Welcome to my birdwatching blog. This blog will contain stories about my bird watching trips, interesting bird news and other tales that may or may not be bird related. I want to make it useful to the avid birder as well as those who may only have a passing interest in bird watching. I enjoy photographing bird life, common and rare through a spotting scope, not that they always sit still long enough for me. Being on the outskirts of North East London, my reports will not only cover my local patch of Redbridge/Waltham Forest, but also dip into deepest Essex, Suffolk, Kent and Norfolk.


Saturday, 9 January 2010

Blue tits in this weather

Sorry, I couldn’t resist that.



With further downfalls of snow expected and below freezing temperatures, there is genuine concern for the welfare of many of our garden birds.

As the RSPB are stating, getting enough food to acquire the right amount of fat supplies to 'burn' for energy is a huge feat for birds this winter in particular. And the food and water we provide can be,in many cases, the difference between life and death.

When temperatures fall below freezing, birds struggle to find the food they need to survive the winter in a strong healthy condition, needed for breeding come the springtime. Natural food is covered in snow and impossible to get to. The ground becomes too hard for birds like thrushes and blackbirds to probe, and natural food like berries, acorns and seeds is buried.

The RSPB is asking people to follow a wild bird winter survival plan that will help wildlife during the harshest weather.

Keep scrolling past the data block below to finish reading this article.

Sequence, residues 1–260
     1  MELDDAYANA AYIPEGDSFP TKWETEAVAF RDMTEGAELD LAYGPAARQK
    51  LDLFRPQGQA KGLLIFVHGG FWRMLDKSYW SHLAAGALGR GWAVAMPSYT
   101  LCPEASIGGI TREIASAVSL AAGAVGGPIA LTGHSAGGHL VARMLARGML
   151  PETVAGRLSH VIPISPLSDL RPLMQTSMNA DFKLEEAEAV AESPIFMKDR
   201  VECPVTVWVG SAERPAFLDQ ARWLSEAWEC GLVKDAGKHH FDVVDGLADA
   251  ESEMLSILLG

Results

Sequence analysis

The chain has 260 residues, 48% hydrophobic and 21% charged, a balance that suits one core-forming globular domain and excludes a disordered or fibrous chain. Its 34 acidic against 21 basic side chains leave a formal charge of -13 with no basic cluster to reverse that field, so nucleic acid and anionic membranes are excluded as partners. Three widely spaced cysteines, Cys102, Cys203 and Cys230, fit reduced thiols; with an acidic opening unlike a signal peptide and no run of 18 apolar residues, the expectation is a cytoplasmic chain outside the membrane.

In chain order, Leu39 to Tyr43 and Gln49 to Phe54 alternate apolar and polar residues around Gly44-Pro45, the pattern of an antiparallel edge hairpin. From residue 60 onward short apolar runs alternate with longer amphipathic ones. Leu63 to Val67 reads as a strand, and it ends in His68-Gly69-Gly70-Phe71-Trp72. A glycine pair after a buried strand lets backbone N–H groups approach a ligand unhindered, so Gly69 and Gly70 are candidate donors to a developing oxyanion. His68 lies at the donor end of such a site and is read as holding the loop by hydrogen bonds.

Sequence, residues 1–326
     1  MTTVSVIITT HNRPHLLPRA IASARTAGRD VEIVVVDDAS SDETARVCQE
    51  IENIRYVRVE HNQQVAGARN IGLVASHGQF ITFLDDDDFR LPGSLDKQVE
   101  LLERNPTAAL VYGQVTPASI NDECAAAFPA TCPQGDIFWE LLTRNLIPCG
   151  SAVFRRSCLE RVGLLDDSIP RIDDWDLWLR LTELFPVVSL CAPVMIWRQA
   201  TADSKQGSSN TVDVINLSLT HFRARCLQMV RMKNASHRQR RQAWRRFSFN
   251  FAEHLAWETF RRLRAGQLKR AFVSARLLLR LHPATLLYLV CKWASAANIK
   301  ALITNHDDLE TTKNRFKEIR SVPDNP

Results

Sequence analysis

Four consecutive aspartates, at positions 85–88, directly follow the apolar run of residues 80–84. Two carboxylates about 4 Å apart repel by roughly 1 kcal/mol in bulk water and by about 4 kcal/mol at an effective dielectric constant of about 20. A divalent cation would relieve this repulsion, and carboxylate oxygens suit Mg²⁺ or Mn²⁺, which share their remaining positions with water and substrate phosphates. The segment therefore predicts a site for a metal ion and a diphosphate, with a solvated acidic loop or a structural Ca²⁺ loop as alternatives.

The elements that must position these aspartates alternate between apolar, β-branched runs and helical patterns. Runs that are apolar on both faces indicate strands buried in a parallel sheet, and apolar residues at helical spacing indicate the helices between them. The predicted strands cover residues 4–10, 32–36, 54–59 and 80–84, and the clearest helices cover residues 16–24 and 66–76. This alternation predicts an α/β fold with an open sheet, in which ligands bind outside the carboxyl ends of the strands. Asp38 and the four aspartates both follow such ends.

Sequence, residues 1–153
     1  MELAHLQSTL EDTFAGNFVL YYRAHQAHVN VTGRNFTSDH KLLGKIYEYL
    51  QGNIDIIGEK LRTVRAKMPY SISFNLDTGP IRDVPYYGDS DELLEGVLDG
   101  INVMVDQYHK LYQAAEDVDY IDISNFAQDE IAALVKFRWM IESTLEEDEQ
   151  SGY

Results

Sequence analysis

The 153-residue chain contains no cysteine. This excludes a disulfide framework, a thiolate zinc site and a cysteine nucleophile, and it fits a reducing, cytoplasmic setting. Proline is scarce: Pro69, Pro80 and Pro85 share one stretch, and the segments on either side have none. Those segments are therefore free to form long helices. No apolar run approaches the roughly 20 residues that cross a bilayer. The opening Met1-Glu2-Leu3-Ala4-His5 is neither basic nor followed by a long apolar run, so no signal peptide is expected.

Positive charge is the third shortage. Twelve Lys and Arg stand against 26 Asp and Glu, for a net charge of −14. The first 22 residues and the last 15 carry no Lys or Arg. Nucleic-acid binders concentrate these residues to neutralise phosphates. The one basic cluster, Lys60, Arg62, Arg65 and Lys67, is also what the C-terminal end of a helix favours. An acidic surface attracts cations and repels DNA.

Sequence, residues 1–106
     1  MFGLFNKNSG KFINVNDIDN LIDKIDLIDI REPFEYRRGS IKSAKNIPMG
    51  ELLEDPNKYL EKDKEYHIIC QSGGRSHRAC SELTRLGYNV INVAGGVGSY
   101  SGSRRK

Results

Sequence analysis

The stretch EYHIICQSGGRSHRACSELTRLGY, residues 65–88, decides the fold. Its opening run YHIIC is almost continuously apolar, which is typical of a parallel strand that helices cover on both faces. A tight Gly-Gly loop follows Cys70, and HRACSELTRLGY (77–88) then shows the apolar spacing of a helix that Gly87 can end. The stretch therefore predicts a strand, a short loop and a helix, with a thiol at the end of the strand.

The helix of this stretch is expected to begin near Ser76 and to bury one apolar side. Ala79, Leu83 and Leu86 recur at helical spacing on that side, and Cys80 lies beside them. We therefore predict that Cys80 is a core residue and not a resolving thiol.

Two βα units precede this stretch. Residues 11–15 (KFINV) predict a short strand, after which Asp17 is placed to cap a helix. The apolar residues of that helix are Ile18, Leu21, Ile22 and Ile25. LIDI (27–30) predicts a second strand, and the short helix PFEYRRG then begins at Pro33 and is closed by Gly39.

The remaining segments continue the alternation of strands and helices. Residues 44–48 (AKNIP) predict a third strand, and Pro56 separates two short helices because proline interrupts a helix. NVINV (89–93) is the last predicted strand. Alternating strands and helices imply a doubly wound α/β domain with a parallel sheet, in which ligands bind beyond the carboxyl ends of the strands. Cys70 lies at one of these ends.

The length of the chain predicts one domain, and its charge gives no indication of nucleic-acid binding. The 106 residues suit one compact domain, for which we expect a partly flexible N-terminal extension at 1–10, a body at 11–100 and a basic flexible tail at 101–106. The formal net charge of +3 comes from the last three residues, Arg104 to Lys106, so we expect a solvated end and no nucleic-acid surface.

1. Put out feed regularly, especially in severe weather. Set up a bird table and use high-calorie seed mixes. This can also be used to put out kitchen scraps such as animal fats, grated cheese and porridge oats.

2. Put out hanging feeders for black sunflower seeds, sunflower hearts, sunflower-rich mixes or unsalted peanuts.

3. Ensure a supply of fresh water every day. If it is very cold use tepid water but do not use any antifreeze products.

4. Put out fruit, such as apples and pears, for Blackbirds, Song Thrushes and other members of the thrush family.

5. Food bars or fat hung up or rubbed into the bark of trees is a great help for Treecreepers, Goldcrests and many other species.

6. Put up nest boxes to provide roost sites for the smaller birds. They will then be used for breeding later in the year.



Now, speaking of nest boxes, for the past few weeks now, a pair of blue tits have been investigating the Braunie Birdbox. They have already started to adjust the entrance hole to suit them by chipping away at it on a daily basis. I shall keep you up-to-date on their progress.

No comments:

Post a Comment